TV eye : The men of Arlington

Published in 20th Century Social Perspectives, 20th-century / Contemporary History, Issue 1(Jan/Feb 2012), Reviews, Volume 20

Arlington House in Camden was once the largest hostel in Europe and home to over 1,000 men, many of them Irish immigrants. The redbrick edifice gives no clue to the tragedies and individual histories played out within its walls. (Hotshot Films)

Arlington House in Camden was once the largest hostel in Europe and home to over 1,000 men, many of them Irish immigrants. The redbrick edifice gives no clue to the tragedies and individual histories played out within its walls. (Hotshot Films)

‘They never drank water but whiskey by pints And the shanty towns rang with their songs and their fights . . .’It is perhaps unsurprising that the opening minutes of The men of Arlington should feature a song from the Pogues, a band who embody the London-Irish spirit and who sang of White City, Kilburn, Camden and all the other adopted places of the Irish in London. Of course, while the Pogues often celebrated aspects of the Irish community in London and the city itself, they could also capture the isolation and loneliness of the place.Arlington House in Camden was once the largest hostel in Europe, and home to over 1,000 men, many of them Irish immigrants. It opened its doors in 1905, and the redbrick edifice gives no clue to the tragedies and individual histories played out within its walls. Arlington House is one of the ‘Rowton Houses’, a chain of hostels built in London by the Victorian philanthropist Lord Rowton.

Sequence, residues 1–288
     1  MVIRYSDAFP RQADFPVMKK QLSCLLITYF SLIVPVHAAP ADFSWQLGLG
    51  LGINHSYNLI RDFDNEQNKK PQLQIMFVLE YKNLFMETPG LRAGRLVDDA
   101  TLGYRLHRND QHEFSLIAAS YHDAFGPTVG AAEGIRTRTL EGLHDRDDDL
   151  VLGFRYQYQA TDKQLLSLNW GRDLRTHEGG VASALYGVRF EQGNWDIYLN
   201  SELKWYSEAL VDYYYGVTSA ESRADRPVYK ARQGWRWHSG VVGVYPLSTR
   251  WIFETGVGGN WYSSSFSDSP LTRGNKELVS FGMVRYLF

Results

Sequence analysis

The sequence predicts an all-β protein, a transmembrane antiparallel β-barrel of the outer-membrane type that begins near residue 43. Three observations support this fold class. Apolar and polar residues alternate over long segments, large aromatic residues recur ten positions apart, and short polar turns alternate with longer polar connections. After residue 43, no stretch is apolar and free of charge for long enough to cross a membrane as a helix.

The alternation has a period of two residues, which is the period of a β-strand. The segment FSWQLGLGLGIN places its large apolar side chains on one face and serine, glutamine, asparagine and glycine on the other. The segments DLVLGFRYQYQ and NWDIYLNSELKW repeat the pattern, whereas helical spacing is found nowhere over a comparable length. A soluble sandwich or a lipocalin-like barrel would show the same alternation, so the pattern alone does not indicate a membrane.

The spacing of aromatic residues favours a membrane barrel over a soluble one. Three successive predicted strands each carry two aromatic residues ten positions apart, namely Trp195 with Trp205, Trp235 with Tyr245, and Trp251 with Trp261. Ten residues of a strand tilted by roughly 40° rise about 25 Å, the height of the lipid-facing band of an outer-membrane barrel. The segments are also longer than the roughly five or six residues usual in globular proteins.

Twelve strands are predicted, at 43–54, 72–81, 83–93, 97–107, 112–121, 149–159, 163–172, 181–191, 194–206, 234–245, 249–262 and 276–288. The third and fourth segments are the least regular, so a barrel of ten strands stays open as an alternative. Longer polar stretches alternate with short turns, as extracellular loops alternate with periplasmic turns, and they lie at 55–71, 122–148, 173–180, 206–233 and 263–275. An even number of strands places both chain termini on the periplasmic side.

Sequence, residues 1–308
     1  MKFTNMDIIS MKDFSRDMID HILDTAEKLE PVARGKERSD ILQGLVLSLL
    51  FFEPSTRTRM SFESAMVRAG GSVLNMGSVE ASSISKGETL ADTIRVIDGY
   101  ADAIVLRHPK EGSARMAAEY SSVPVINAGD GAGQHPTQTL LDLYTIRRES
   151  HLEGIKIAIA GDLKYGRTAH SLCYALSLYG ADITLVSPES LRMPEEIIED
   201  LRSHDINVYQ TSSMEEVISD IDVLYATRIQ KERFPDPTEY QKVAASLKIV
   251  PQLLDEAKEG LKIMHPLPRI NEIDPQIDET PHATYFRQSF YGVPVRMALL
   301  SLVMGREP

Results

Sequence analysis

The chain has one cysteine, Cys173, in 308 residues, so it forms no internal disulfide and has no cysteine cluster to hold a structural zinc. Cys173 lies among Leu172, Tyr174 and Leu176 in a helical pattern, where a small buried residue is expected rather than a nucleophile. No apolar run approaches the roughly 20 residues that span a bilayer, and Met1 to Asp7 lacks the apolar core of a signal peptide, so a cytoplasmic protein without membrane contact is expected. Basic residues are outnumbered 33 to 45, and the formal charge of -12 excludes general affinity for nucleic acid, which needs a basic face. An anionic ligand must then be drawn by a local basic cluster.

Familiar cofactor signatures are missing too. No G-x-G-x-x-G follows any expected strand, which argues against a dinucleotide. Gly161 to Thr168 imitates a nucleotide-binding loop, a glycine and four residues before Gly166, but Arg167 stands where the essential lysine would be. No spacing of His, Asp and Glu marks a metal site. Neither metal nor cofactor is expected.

The entrance as it would have appeared soon after the hostel opened in 1905. (workhouses.org.uk)

The entrance as it would have appeared soon after the hostel opened in 1905. (workhouses.org.uk)

The men of Arlington looks at the Irishmen for whom this building was home. It contains wonderful archival footage of Camden, Kentish Town and the surrounding areas in the post-war years, when the Irish flooded into London in search of employment, but the documentary also interviews a number of Irishmen for whom Arlington House is still home today. In the opening shots one sees Camden today, and the ethnic melting-pot the area has become, but the documentary stresses that the Irish connection to the area is by no means history just yet.Patrick Kavanagh would spend some time in Arlington as a young man in Camden, writing that ‘many Irish boys made Rowton House, Camden Town, first stop from Mayo . . . the soft voices of Mayo and Galway sounding in that gaunt impersonal place fell like warm rain on the arid patches of my imagination’. While Kavanagh would describe the house as a rather impersonal place, it is clear from the documentary that a strong spirit of community existed within. In ‘Camden town where Paddy lay down’, Arlington could boast of men from every county in Ireland. Alex McDonnell, a former worker at Arlington, recalls the manner in which the corridors would become streets, residents dragging their chairs out and sharing gossip, stories and song there, a world away from the hustle and bustle of Camden Town, just minutes away.

Joe McGarry—one of the three individuals featured in the documentary. (Hotshot Films)

Joe McGarry—one of the three individuals featured in the documentary. (Hotshot Films)